The FDA’s Oncologic Drugs Advisory Committee will be meeting tomorrow, Friday, 28 April, to discuss the supplemental new drug application (sNDA) for Lynparza (olaparib) in combination with abiraterone and prednisone or prednisolone for metastatic castration-resistant prostate cancer (mCRPC).
In 2017, AstraZeneca Plc AZN and Merck & Co Inc MRK collaborated to co-develop and co-commercialise Lynparza and Koselugo (selumetinib) for multiple cancer types.
Ahead of the meeting, the FDA released a briefing document and raised concerns about the safety and efficacy data. In December 2022, the agency delayed its review. It was granted Priority Review status in August 2022.
In the document, the agency pointed to a subgroup of patients without a BRCA mutation, saying that the data the companies have submitted may not be sufficient to expand use in that group.
AstraZeneca and Merck have based their application on the Phase 3 PROpel trial.
Lynparza achieved a radiographic progression-free survival of 24.8 months, compared to 16.6 months in the control group, and a 34% reduction in the risk of disease progression or death compared to the control.
But the FDA said it “is concerned that efficacy and safety have not been demonstrated outside of the small population of patients with tumor BRCA mutations and that adding olaparib to abiraterone may cause harm in patients who are definitively negative for tumor BRCA mutations.”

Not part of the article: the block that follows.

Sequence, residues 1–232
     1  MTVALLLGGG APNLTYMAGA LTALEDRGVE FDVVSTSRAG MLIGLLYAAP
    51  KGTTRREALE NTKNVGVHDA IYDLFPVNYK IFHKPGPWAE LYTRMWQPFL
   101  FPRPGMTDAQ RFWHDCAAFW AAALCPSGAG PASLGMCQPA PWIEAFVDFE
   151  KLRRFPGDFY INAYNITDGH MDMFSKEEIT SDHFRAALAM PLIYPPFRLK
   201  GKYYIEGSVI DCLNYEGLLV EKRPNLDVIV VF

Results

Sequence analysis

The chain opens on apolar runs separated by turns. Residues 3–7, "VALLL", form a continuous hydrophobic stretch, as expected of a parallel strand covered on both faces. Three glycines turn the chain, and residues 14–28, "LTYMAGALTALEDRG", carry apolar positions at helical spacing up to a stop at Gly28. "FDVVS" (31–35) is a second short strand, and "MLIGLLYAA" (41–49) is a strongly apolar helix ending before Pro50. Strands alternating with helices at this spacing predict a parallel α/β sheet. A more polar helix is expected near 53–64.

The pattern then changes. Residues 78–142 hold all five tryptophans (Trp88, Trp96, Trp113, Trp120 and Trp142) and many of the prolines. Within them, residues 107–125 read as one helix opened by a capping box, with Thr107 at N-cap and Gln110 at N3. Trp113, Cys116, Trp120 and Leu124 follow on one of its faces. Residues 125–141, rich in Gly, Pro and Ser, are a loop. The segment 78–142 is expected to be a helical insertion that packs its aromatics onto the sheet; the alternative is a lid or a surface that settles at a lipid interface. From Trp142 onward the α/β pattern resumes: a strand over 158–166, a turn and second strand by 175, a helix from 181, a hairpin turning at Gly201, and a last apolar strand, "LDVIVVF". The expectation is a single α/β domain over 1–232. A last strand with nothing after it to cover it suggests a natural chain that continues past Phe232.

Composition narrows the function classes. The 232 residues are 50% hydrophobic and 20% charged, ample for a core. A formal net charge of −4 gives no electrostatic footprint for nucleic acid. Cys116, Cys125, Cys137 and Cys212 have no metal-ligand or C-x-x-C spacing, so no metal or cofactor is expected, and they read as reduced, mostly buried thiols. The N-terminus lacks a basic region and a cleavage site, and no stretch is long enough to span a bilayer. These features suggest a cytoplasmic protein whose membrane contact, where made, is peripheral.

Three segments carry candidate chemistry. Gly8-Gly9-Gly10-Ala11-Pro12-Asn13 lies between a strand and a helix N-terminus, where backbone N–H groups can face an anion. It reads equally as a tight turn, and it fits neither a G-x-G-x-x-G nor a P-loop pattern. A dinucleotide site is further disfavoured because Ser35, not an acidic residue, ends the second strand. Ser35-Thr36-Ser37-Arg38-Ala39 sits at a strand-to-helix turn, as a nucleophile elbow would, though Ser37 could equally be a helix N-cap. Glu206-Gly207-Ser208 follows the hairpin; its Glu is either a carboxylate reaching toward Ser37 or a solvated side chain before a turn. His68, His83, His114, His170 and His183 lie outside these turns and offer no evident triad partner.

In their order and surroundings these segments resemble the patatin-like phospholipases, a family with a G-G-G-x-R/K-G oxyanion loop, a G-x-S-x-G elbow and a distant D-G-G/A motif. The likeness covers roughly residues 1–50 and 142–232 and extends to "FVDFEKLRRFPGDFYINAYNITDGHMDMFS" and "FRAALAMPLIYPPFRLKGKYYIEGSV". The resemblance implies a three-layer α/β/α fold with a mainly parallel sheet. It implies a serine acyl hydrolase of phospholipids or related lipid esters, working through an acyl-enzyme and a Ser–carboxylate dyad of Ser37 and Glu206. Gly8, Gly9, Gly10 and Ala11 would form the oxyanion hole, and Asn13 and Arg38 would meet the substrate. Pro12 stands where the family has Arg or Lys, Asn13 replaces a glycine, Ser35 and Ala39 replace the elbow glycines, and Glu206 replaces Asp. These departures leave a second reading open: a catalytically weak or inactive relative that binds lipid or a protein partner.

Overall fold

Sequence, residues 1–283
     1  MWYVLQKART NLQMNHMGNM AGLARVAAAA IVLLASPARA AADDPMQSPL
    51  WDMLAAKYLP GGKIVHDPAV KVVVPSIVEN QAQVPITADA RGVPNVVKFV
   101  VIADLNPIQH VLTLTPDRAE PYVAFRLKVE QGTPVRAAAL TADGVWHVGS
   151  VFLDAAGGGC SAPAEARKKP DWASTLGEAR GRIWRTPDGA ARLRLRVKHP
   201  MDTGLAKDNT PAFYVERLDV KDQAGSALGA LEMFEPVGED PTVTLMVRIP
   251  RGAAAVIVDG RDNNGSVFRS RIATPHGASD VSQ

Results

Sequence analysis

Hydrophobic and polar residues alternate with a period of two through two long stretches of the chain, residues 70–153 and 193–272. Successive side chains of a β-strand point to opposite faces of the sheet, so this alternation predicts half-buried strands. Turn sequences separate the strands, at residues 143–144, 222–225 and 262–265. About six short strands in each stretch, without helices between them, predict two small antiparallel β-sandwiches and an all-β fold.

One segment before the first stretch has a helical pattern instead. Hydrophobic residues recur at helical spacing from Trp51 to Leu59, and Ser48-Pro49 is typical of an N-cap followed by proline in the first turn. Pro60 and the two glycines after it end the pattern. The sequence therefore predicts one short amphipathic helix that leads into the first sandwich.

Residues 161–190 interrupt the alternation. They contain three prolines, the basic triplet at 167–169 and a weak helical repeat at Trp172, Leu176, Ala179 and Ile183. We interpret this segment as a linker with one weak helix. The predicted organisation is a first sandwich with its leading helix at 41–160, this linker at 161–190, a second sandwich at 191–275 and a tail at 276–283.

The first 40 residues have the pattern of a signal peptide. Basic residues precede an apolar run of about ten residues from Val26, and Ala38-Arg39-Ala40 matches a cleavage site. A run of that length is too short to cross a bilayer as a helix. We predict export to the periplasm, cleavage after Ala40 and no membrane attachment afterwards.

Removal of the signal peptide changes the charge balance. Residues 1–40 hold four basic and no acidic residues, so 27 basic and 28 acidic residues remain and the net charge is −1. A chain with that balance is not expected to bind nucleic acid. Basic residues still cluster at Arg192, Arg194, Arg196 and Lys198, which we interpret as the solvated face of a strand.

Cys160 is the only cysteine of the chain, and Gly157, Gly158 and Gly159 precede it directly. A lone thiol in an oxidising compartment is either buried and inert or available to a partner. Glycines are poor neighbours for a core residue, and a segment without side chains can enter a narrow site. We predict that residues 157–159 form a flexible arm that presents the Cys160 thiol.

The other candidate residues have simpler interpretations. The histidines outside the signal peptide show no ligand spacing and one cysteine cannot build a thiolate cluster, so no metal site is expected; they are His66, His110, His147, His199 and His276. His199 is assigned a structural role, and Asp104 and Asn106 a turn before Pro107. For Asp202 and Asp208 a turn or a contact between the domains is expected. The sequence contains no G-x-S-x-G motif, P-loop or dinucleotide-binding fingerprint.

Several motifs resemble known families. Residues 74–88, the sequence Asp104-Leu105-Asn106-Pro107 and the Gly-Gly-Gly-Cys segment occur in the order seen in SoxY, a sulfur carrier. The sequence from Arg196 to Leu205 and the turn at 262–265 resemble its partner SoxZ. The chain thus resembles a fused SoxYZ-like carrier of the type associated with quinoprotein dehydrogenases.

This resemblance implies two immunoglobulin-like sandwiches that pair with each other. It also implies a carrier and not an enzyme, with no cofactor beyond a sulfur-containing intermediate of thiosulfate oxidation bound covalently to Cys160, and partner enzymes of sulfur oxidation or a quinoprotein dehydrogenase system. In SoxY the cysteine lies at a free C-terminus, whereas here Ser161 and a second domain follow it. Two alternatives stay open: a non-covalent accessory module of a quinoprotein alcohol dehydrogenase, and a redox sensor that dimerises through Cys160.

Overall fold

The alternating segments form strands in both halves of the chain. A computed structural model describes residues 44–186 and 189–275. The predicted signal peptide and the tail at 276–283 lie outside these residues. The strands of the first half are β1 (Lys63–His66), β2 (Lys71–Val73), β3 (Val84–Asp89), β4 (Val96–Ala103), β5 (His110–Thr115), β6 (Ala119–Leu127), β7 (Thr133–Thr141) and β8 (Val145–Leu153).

The FDA said the PROpel study enrolled patients whether they had BRCA status or not. In subgroup analyses, those patients with a BRCA mutation saw the most effect, “with modest benefit and possible harm for patients without tumor BRCA mutations.”
For those without a BRCA mutation, there was a five-month improvement in median radiographic progression-free survival with a hazard ratio in overall survival of 0.92.
In Q1 FY23, Lynparza generated sales of $651 million, up 50% Y/Y.
Price Action: AZN shares are down 0.01% at $73.66 on the last check Thursday.